The MonSter was first detected as early as 1300, but not assigned a label until the 1800s when the medical field recognized the mysterious symptoms of MS a nervous disorder (paraplegias). One doctor in London noted in a lecture that the disorder was not sufficiently interesting to discuss further. (Probably a world-class jerk.)(https://multiplesclerosis.net/living-with-ms/history) I beg your pardon!
Do you have a love/hate relationship with your MS meds? In the early days of neurological experimentation, patients were subjected to some crazy remedies:
As science advanced, doctors studied cells and discovered the origin of myelin. When Dr. Thomas Rivers found MS was caused by changes in the nerve tissue rather than a virus, research took a more advanced turn. The National Multiple Sclerosis Society was founded in 1945, which led to the establishment of the National Institute of Neurological Disorders and Stroke. (Prior to official diagnosis, I was treated as a stroke patient.)
CT scanning and MRI (magnetic resonance imagery) became a standard evaluation of the existence of the MonSter. The emergence of corticosteroid therapy (steroids) was and remains a common treatment for suspected multiple sclerosis.
If you’ve been diagnosed, it's no big mystery that you are your own best advocate. Doctors are wonderful resources, yes. We depend on the medical profession, as we should. Without the dedication to the practical knowledge of professionals, we might still receive electrical shock treatments or burned at the stake like a Salem witch. Although we still own a fear of the unknown, facts are easier to find out in the 21st century. (Fingers crossed.)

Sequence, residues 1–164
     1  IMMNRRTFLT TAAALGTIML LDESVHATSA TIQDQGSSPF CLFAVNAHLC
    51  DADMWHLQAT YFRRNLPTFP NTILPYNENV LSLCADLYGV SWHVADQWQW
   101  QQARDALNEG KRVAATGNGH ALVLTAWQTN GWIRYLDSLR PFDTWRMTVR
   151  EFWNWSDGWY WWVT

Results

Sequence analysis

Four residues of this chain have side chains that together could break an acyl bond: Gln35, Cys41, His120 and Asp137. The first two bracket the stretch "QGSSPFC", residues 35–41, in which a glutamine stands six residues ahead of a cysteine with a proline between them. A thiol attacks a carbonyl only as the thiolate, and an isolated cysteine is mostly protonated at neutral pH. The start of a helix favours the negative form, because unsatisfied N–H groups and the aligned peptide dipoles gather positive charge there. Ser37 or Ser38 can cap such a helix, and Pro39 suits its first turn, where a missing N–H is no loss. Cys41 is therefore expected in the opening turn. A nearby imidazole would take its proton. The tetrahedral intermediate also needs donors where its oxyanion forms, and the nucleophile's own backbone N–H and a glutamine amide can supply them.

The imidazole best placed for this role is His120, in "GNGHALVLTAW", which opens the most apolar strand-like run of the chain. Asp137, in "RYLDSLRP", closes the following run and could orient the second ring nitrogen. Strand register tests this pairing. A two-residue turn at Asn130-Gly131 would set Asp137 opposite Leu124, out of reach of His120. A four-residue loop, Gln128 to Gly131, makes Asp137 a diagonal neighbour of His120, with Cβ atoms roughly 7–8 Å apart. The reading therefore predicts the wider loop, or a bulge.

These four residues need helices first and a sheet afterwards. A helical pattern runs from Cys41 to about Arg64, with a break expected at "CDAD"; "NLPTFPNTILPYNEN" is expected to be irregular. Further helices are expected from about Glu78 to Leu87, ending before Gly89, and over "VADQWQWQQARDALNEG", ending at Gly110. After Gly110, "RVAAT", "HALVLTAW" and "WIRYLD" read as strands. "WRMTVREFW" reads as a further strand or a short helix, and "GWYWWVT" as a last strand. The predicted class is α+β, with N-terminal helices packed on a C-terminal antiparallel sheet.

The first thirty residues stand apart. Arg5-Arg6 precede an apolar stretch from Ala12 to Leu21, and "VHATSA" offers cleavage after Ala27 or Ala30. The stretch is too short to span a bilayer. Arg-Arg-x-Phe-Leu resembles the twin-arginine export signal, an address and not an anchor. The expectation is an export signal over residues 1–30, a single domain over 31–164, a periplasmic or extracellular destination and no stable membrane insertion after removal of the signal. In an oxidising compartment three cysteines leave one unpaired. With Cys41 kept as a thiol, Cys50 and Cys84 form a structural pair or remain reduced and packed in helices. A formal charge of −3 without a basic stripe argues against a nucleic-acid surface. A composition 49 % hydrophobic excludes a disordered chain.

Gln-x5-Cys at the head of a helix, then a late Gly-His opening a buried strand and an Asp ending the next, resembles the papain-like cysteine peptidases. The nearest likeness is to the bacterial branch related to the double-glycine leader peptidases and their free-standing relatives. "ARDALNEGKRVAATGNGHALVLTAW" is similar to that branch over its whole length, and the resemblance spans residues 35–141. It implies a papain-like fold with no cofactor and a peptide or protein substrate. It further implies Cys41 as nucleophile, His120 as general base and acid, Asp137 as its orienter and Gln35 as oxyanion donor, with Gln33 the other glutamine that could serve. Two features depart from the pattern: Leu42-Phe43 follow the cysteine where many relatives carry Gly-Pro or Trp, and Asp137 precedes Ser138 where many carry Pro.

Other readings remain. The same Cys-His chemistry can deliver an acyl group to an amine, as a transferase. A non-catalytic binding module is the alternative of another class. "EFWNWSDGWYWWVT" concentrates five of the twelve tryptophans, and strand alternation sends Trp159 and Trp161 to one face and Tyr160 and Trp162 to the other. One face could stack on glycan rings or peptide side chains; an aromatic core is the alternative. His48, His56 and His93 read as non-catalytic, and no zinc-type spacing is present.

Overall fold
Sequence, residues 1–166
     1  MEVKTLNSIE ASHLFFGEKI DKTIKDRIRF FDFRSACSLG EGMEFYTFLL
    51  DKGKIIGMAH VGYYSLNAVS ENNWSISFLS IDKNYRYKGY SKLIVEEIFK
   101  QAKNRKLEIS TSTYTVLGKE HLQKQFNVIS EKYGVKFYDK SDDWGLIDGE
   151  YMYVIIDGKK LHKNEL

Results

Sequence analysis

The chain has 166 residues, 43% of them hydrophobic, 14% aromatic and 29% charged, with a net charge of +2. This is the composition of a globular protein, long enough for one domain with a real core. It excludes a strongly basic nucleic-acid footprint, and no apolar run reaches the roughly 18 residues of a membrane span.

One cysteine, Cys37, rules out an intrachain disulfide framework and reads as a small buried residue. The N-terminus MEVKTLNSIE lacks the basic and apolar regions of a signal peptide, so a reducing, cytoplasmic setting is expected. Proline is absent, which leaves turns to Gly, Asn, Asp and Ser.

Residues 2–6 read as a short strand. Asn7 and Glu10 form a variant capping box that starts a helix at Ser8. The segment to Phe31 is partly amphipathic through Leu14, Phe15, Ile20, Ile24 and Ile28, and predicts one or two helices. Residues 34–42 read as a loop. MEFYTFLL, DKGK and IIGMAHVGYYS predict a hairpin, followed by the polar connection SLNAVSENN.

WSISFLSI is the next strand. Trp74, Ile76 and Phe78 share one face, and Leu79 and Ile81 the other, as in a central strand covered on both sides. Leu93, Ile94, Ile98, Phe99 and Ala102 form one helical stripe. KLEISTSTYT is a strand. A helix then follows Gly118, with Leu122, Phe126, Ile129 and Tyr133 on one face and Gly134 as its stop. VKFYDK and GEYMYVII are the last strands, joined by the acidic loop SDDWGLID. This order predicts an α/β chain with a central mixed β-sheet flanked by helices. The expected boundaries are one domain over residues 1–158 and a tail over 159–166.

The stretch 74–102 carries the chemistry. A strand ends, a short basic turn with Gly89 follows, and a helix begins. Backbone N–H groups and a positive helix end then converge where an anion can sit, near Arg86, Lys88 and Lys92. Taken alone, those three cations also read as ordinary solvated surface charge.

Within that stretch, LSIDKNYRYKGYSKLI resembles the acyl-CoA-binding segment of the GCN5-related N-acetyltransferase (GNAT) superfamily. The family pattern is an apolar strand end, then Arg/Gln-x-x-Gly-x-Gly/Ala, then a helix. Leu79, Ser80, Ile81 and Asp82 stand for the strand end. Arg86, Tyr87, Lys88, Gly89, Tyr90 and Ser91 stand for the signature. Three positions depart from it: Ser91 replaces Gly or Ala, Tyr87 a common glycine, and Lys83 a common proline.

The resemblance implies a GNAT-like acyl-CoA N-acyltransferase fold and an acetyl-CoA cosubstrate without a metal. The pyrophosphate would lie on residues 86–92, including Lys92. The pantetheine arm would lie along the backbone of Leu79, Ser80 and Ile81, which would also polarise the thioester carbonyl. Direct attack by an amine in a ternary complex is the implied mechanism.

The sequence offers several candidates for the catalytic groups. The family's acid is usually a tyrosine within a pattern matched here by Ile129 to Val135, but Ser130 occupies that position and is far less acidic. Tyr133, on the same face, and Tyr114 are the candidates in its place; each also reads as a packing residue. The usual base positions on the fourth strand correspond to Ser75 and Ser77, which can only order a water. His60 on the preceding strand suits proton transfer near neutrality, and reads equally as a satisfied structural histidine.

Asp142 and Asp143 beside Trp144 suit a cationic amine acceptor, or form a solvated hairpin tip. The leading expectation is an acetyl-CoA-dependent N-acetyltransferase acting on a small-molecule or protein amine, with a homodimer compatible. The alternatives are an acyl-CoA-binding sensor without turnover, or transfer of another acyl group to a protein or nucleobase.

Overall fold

The more we know, the better armed we are for defense. There is always room to learn.
Recently, my neuro and I agreed that it’s time to change my DMT(disease-modifying treatment). Of course, this requires a fresh series of medical tests and prescription research. To this point, I have used Beta Seron, Tecfidera, Copaxone, and Gilenya to battle the MonSter. Kesimpta is my new drug of choice.
While reviewing recent test results, I found that I am positive for JCV. My heart stopped. A positive JC virus result means I am at a higher risk of developing PML. (progressive multifocal leukoencephalopathy).
Before crumbling into a ball of sodden tissues, I (FRANTICALLY) messaged a nurse (and MS Warrior) friend. Her words reassured me.
“Don’t freak out. Just about every person in the world has a positive JC virus. Mine is high as well, that just means certain MS medications are riskier. However, it is good to know where you are so you can make informed choices.”
Thank you, Jane! (Proof that human support is essential.)
This is YOUR disease. Read. Converse. Learn. No question is a stupid question.
JC virus and PMLThe JC virus is a common infection completely unrelated to MS. Between 40-90% of the general population have been…mstrust.org.uk
There are so many MS resources out there. Penelope Conway is one of my favorite MS bloggers.